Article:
Kids are going to fall, crash, slip, and explore. It’s part of being a kid. But we can protect them from severe injuries with a few simple tips.
In honor of Safe Kids Day on May 18, we’re calling on everyone to raise awareness and get involved so all children around the world have the chance to grow up healthy and safe, and do all the great things kids were meant to do.
Did you know that around the world, a child dies from an unintentional injury every 30 seconds? And millions of children are injured in ways that can affect them for a lifetime. But we can fix that. The important thing to remember about preventable injuries is that they’re preventable. They often occur in predictable ways and can be completely avoided with the right education, awareness, and planning.
Safe Kids Worldwide works with an extensive network of more than 600 coalitions in the United States and with partners in 23 countries around the world to reduce injuries from motor vehicles, sports, drownings, falls, burns, poisonings, and more.
When it comes to safety for your children, you know the basics: buckle up, wear a helmet, learn to swim, look both ways. Here are some lesser-known tips to make your family even safer in seven easy steps.
About 73 percent of car seats are not installed correctly, but we can show you how to make sure your kid’s ride is safe.
Every week, a child dies from a television or furniture tip-over. Check your house for furniture a child might try to climb and for TVs that could topple.
When a young child dies from a residential fire, a smoke alarm is usually either not working or not present. And carbon monoxide is not detectable, so your family needs both types of alarms.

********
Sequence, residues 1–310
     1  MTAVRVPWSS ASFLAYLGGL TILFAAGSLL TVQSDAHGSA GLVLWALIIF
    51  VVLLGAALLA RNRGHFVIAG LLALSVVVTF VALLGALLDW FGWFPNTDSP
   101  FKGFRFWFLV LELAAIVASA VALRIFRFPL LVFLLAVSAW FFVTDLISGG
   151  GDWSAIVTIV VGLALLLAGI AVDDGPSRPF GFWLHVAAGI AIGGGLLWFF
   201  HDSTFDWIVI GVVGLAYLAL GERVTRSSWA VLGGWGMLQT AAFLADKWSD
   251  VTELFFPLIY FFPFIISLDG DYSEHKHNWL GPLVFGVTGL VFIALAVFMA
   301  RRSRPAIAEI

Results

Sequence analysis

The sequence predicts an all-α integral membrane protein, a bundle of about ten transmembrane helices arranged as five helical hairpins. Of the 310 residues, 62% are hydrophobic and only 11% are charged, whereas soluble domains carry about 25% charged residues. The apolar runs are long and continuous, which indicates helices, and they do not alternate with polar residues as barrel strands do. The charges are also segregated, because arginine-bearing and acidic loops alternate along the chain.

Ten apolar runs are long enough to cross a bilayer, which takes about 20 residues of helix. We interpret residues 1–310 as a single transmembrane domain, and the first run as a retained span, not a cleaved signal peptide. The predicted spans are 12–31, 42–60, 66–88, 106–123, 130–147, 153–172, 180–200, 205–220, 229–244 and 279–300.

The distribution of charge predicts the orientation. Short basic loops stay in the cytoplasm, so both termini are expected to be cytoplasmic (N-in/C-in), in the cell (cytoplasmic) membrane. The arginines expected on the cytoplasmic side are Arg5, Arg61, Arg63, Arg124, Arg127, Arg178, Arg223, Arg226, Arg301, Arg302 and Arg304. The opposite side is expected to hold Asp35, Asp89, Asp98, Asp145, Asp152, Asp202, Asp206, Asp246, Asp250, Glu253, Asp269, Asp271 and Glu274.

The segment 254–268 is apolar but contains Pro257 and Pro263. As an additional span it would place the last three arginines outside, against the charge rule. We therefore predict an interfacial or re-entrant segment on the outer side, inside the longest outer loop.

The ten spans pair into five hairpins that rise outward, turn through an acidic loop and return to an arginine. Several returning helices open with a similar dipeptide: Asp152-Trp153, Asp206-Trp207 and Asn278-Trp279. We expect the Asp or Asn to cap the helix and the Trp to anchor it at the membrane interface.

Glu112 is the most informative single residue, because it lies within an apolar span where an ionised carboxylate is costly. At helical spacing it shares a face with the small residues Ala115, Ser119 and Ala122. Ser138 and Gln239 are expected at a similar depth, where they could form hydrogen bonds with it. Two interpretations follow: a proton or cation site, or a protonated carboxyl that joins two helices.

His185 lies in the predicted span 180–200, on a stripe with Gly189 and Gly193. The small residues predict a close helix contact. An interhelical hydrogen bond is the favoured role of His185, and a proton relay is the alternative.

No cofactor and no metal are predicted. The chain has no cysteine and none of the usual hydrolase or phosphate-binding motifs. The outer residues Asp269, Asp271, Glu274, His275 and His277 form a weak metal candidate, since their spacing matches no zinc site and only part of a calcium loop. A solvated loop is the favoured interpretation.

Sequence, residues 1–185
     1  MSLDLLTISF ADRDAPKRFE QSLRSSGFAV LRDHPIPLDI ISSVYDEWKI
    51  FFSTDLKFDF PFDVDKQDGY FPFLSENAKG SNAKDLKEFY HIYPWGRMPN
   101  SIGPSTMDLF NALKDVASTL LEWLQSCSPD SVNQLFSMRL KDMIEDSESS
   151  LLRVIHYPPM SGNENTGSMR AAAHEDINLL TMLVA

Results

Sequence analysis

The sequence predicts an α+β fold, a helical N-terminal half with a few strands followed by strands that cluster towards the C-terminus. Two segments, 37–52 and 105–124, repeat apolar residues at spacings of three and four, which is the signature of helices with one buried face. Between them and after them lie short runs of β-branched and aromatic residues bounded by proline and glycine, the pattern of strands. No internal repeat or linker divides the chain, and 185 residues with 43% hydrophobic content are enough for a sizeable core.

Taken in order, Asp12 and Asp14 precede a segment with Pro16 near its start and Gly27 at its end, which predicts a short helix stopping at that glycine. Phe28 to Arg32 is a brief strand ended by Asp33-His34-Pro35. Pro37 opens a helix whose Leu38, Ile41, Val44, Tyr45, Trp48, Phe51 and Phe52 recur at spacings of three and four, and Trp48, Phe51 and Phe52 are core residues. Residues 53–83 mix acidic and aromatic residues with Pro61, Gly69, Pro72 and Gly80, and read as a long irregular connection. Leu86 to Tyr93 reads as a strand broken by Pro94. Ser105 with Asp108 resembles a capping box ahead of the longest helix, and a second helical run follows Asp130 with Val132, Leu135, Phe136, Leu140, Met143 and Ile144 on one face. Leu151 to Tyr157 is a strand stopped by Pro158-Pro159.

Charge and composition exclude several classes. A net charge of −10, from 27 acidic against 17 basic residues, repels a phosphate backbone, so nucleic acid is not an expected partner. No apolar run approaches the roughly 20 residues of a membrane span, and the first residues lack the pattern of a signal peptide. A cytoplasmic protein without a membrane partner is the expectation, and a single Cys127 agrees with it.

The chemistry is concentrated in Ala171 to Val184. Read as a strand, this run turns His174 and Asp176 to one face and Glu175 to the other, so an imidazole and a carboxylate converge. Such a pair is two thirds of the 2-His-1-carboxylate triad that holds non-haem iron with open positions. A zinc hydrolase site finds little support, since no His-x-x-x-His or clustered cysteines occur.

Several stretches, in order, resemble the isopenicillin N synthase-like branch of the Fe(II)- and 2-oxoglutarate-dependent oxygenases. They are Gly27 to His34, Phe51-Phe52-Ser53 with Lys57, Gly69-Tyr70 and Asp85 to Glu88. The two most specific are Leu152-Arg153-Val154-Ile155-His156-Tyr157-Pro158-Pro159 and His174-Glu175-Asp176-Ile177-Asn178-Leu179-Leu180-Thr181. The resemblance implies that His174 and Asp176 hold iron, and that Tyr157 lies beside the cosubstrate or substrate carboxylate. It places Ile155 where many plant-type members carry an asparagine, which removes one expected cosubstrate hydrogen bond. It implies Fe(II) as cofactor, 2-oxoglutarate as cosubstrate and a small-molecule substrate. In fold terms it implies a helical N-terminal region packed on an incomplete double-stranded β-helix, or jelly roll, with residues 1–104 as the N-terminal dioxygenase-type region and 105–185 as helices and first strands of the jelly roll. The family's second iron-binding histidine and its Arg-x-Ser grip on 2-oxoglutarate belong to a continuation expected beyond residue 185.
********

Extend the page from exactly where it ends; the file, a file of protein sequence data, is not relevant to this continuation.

Every 8 minutes, a child goes to the ER for medicine poisoning, and almost 9 times out of 10, the medicine belongs to an adult. Look at your house from a child’s perspective to see what they can see or reach.
They come in musical greeting cards, remote controls, and key fobs. And of course, little kids pop them into their mouths in an instant. This happens more often than you might think-- there are about 10 phone calls a day to poison control centers.
To keep kids staying active and enjoying sports, young athletes and coaches need to know how to stay hydrated, stretch thoroughly, use the right equipment, and recognize the signs and symptoms of concussions.
Distraction impacts driving, walking, bath time, just about everything. Here’s our challenge: take a month to notice times when you or your kids are distracted. Help each other remember to put down the phone (or whatever is diverting you) and focus on looking out for each other.
Read more about the Safer In 7 Challenge and Safe Kids Day here.